GameTune: Introducing reinforcement learning for optimizing the player lifecycle
Across the board, we’ve found that developers have significant interest in using machine learning to fine-tune a game from a truly objective perspective. We built GameTune to do exactly that: to offer a machine learning solution so developers can improve game performance on a scientific basis.
During the early stages we focused on simple use cases like optimizing the tutorial difficulty to maximize early player retention. Later, we moved on to more complex use cases – like level-balancing and interstitial ad frequency optimization – that maximize the lifetime value (LTV) of players. When we launched GameTune, our approach was based on standard supervised machine learning.
We now have a fully automated solution to optimize sequential decisions per user by using reinforcement learning. Reinforcement learning makes it possible to optimize the full player lifecycle.
Why sequential decisions are crucial to game optimization
When there are multiple points at which we can decide how to interact with the player – and where the impact of previous interactions can accumulate – you need sequential decision-making.
A great example of a use case that requires sequential decision-making is dynamic difficulty adjustment. Adjusting the difficulty can mean a lot of things, for instance making the game easier or harder for players by giving them different amounts of clues to complete a level. If the player is given too many clues, and the game is made too easy, they can become bored, which can lead to decreased enjoyment and ultimately churn. If the player is challenged too much with not enough clues, they may have a low sense of competence and lose interest. Since each player is different, there is no single right answer to how difficult the game should be. The proper balance for a game is different for each player and depends on their specific progression.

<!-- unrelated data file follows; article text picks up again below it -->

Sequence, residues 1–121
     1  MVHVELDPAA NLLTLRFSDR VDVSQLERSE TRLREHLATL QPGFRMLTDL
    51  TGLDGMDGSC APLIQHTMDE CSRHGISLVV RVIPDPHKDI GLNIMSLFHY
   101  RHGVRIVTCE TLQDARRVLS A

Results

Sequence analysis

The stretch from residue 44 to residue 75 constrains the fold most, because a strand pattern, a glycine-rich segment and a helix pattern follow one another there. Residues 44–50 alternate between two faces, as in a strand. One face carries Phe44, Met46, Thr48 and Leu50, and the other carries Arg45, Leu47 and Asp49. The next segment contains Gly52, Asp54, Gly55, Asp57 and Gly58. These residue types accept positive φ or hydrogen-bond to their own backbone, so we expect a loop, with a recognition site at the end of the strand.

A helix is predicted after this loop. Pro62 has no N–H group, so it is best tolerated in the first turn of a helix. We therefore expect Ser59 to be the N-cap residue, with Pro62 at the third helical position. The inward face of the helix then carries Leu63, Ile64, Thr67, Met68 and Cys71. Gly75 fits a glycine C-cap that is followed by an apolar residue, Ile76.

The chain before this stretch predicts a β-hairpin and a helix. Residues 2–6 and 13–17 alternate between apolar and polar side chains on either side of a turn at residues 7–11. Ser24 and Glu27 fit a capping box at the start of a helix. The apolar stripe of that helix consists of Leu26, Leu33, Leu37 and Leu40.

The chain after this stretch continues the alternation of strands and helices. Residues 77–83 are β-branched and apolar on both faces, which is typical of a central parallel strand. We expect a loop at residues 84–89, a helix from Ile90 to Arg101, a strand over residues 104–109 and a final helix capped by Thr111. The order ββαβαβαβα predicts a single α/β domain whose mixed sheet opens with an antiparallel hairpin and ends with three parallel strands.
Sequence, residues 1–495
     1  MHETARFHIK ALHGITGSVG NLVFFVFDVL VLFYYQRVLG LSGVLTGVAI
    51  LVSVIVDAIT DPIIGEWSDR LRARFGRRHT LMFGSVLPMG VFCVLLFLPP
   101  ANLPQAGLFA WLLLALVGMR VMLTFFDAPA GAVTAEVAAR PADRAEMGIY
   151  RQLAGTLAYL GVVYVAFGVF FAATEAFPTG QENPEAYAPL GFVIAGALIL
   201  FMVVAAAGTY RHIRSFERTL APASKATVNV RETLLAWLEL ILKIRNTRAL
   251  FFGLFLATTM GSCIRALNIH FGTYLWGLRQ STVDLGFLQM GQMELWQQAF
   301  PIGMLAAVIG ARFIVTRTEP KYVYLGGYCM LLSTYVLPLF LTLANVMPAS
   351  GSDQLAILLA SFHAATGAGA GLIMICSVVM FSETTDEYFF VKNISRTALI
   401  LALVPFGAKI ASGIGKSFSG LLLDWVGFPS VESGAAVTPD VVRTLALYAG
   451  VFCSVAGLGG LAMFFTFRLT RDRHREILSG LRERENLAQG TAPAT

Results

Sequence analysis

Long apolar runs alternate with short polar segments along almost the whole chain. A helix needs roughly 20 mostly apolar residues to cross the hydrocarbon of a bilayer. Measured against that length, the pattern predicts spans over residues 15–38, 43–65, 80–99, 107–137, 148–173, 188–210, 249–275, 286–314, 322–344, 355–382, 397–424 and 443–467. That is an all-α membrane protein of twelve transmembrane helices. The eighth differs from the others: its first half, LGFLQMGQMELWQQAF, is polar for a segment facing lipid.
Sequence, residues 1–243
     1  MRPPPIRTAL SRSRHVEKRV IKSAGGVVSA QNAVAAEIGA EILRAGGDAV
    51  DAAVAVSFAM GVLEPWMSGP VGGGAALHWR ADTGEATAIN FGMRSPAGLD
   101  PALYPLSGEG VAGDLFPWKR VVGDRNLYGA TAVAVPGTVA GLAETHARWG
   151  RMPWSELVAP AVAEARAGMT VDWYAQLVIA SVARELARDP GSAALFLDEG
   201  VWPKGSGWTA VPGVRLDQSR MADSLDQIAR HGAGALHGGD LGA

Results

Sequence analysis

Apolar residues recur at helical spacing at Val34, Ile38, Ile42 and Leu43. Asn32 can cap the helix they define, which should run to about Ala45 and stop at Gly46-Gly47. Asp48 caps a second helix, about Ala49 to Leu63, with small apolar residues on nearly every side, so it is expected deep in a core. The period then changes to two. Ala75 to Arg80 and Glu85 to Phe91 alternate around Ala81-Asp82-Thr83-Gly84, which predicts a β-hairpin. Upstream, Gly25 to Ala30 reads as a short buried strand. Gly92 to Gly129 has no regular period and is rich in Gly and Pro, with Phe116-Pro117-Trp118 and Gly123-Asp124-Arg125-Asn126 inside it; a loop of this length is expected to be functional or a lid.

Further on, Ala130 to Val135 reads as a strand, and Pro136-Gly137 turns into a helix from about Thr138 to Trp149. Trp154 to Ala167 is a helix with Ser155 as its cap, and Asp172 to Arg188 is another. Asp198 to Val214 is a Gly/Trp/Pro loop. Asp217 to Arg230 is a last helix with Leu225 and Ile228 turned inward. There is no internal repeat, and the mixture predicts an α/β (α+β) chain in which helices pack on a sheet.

One way to approach this problem is to have, for example, three levels of difficulty to choose from per game level: easy, medium, and hard. The difficulty of a certain level can vary across players and each player will have a different journey in the game. By adjusting the difficulty level, we want to ensure that the decisions that are made for the player will maximize key metrics such as D7 retention or LTV. In a free-to-play mobile game, LTV typically comprises revenue from interstitial ads that players can see between levels, rewarded ads, and in-app purchases (IAPs).
There are several considerations that make it difficult to choose the right difficulty for each level. For instance, we might make multiple decisions during a seven-day period. In that case, should the difficulty for each player be determined only once, or per level? How can we quantify the impact of each decision from the entire seven-day window? Can we attribute an IAP wholly to the most recent decision to make the game more difficult? After all, the long-term retention and LTV depends on the overall engagement of the player.